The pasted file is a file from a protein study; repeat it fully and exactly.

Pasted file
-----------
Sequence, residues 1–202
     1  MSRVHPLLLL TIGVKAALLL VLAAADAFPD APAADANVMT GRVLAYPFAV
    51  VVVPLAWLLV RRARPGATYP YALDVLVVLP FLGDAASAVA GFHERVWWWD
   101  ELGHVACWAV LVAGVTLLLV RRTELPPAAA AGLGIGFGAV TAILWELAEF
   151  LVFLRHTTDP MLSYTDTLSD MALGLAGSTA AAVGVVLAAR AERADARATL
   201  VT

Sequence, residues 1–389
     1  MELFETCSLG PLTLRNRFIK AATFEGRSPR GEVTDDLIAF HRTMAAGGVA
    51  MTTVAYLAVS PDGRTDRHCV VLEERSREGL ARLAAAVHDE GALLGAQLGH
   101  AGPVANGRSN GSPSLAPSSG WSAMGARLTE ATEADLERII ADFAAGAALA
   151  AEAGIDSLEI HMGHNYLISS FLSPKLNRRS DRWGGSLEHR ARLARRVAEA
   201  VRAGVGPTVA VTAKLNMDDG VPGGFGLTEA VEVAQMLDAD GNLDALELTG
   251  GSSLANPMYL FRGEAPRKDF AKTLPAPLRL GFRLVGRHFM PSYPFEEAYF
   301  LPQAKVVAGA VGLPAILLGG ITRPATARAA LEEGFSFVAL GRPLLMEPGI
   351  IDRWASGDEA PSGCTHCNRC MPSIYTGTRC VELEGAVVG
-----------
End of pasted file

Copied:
Sequence, residues 1–202
     1  MSRVHPLLLL TIGVKAALLL VLAAADAFPD APAADANVMT GRVLAYPFAV
    51  VVVPLAWLLV RRARPGATYP YALDVLVVLP FLGDAASAVA GFHERVWWWD
   101  ELGHVACWAV LVAGVTLLLV RRTELPPAAA AGLGIGFGAV TAILWELAEF
   151  LVFLRHTTDP MLSYTDTLSD MALGLAGSTA AAVGVVLAAR AERADARATL
   201  VT

Sequence, residues 1–389
     1  MELFETCSLG PLTLRNRFIK AATFEGRSPR GEVTDDLIAF HRTMAAGGVA
    51  MTTVAYLAVS PDGRTDRHCV VLEERSREGL ARLAAAVHDE GALLGAQLGH
   101  AGPVANGRSN GSPSLAPSSG WSAMGARLTE ATEADLERII ADFAAGAALA
   151  AEAGIDSLEI HMGHNYLISS FLSPKLNRRS DRWGGSLEHR ARLARRVAEA
   201  VRAGVGPTVA VTAKLNMDDG VPGGFGLTEA VEVAQMLDAD GNLDALELTG
   251  GSSLANPMYL FRGEAPRKDF AKTLPAPLRL GFRLVGRHFM PSYPFEEAYF
   301  LPQAKVVAGA VGLPAILLGG ITRPATARAA LEEGFSFVAL GRPLLMEPGI
   351  IDRWASGDEA PSGCTHCNRC MPSIYTGTRC VELEGAVVG